In Poland, name days are a special time for family and friends to gather - sometimes for dinner or just dessert. There is usually a small intimate gathering of family and friends. Sometimes friends and family simply stop by to wish the solenizant / solenizantka (the person celebrating his/her name day ) Wszystkiego najlepszego! (“All the best!”) and Sto lat! (A hundred years!). If gifts are given, they are usually small and symbolic. Most often, guests bring flowers (usually in odd numbers) or chocolates, whether it be for a man or a woman.
Name days are a tradition of attaching personal names to each day of the year, and celebrating the association of particular days with those for whom that day is named. It is common in many parts of Europe. The tradition originates from the Christian church calendar and the tradition to name children after saints.
The celebration of name days has been a tradition in Catholic countries since the Middle Ages. The name days originate in the list of holidays celebrated in commemoration of saints and martyrs of the Catholic Church. In Poland, name days (Polish: imieniny) are widely celebrated, and most calendars contain the names celebrated each day. Name day celebrations in Poland traditionally involve a gathering of friends and family at the celebrant's home at the dinner table, followed by drinking and socializing, similarly to birthday celebrations. The song "Sto lat" is often sung. Children, and often adults too, receive presents, just like on their birthday. Celebrating birthdays is very popular, too.
Sto lat! (Traditional Text)
Sto lat! Sto lat! Niech żyje, żyje nam.
Sto lat! Sto lat! Niech żyje, żyje nam.
Jeszcze raz! Jeszcze raz! Niech żyje, żyje nam.
Niech żyje nam.
A child in Poland is usually given one or two given names and it is illegal to officially use more than two given names. But it is customary to have 3, the last after postrzyżyny or confirmation. Parents normally choose a name or names for their child from a long list of traditional names which may be:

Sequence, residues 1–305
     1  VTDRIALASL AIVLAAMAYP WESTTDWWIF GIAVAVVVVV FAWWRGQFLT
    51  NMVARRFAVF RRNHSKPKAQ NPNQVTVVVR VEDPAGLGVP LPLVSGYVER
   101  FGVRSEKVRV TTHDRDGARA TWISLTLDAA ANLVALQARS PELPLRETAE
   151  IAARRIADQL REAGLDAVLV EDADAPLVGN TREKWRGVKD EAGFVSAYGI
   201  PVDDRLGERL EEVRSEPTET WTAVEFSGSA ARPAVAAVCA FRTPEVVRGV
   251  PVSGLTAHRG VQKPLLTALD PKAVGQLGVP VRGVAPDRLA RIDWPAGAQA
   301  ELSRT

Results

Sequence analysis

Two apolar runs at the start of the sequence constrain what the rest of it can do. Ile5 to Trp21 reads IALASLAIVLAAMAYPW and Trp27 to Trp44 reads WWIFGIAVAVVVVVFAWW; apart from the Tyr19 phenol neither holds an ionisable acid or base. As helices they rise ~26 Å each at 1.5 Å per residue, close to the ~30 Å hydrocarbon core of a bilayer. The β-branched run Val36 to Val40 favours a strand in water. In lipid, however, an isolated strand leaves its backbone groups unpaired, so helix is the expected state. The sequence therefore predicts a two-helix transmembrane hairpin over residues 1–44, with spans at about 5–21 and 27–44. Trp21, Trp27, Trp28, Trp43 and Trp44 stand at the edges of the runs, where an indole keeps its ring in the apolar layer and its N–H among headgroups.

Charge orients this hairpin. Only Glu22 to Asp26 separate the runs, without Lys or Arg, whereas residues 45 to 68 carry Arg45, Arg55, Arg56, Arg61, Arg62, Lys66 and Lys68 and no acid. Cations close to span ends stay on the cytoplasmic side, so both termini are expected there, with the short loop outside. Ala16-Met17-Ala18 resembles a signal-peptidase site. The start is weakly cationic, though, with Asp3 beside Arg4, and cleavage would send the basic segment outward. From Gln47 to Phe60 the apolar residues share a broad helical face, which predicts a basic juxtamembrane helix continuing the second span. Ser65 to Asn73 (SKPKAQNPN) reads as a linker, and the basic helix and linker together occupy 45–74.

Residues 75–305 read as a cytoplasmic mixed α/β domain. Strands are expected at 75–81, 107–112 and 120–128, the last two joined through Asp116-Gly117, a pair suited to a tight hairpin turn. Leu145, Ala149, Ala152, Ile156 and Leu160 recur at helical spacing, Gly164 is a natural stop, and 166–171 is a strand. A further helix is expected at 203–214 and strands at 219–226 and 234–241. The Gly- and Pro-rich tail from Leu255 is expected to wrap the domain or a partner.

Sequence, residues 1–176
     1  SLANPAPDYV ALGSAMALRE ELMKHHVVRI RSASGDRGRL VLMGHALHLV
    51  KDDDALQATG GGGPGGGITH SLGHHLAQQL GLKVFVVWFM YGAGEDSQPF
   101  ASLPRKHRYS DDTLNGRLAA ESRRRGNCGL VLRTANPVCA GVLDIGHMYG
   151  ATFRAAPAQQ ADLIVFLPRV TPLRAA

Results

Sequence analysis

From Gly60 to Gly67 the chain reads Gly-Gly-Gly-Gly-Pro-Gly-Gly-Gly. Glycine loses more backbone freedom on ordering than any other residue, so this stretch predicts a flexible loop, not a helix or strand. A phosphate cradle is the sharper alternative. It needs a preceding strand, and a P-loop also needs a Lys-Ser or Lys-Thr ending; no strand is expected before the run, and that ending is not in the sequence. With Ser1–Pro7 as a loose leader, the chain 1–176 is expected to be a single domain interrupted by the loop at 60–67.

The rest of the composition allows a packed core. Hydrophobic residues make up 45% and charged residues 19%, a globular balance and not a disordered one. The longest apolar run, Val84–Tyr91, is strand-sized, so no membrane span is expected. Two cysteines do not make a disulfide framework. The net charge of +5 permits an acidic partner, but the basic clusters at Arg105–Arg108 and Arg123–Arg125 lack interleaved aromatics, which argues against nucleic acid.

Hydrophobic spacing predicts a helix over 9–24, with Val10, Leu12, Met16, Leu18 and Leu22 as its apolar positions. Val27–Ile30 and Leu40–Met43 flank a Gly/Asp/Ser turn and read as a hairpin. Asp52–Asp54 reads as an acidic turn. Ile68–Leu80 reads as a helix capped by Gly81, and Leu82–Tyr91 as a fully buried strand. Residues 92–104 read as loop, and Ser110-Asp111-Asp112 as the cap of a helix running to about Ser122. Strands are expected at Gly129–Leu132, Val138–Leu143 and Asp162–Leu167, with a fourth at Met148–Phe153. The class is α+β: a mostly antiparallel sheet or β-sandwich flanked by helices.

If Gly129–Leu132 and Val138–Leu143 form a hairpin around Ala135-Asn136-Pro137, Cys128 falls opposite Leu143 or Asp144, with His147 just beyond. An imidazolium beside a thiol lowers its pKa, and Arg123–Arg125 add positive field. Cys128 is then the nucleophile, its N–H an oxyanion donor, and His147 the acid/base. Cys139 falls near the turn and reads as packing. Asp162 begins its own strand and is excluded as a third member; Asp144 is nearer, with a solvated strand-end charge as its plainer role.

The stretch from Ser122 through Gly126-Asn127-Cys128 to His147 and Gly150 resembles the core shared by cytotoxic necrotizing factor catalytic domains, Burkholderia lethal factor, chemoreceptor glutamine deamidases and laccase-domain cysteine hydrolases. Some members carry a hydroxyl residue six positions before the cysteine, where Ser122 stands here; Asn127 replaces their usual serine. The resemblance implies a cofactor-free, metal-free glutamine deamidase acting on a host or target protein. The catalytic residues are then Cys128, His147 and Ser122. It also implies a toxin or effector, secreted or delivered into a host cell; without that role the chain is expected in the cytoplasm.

· a Christian name, i.e., a Biblical name or a saint's name, or
· a Slavic name of pre-Christian origin.
Names of Slavic saints, such as Wojciech (St Adalbert), Stanisław (St Stanislaus), or Kazimierz (St Casimir), belong to both groups. Additionally, a few names of Lithuanian origin, such as Olgierd (Algirdas), Witold (Vytautas) or Danuta are also quite popular in Poland.
Traditionally, the names are given at a child's baptism. Non-Christian but traditional Slavic names are usually accepted, but the priest may encourage the parents to pick at least one Christian name. In the past two Christian names were given to a child so that he or she had two patron saints instead of just one. At confirmation people usually adopt yet another (second or third) Christian name; however, it is never used outside Church documents.
In Poland people celebrate name days (imieniny) on the day of their patron saint. Today birthdays remain relatively intimate celebrations, as often only relatives and close friends know a person's date of birth. Name days, on the other hand, are often celebrated together with co-workers, etc. Information about whose name day it is, can be found in most Polish calendars, web portals, etc.
It is required by law for a given name to clearly indicate the person's sex. Almost all Polish female names end in the vowel -a, while most male names end in a consonant or a vowel other than a. There are, however, a few male names, such as Barnaba and Bonawentura, which end in -a. Maria is an exceptional name as it is a female but can sometimes be used as a male second name (never a first name).
The choice of a given name is largely influenced by fashion. Many parents may name their child after a national hero or heroine, some otherwise famous person, or a character from a book, film, or TV show. In spite of this, a great number of names used in today's Poland have been in use since the Middle Ages.
Diminutives are very popular in everyday usage, and are by no means reserved for children. The Polish language allows for a great deal of creativity in this field. Most diminutives are formed by adding a suffix. Maria, a name whose standard form was once reserved to refer to Virgin Mary has a particularly great number of possible diminutives, which include: Marysia, Maryśka, Marysieńka, Marychna, Mania, Mańka, Maniusia, Maja, Majka, Marusia, Maryla, Maryna, Marianna, Mariola, Marzena, Marlena, Marietta, Marita, Marika, Marisa. Some of those have eventually become treated as standard names of their own.
The most popular female names in Poland are Anna, Maria, and Katarzyna (Catherine). The most popular male names are Piotr (Peter), Jan (John), and Andrzej (Andrew).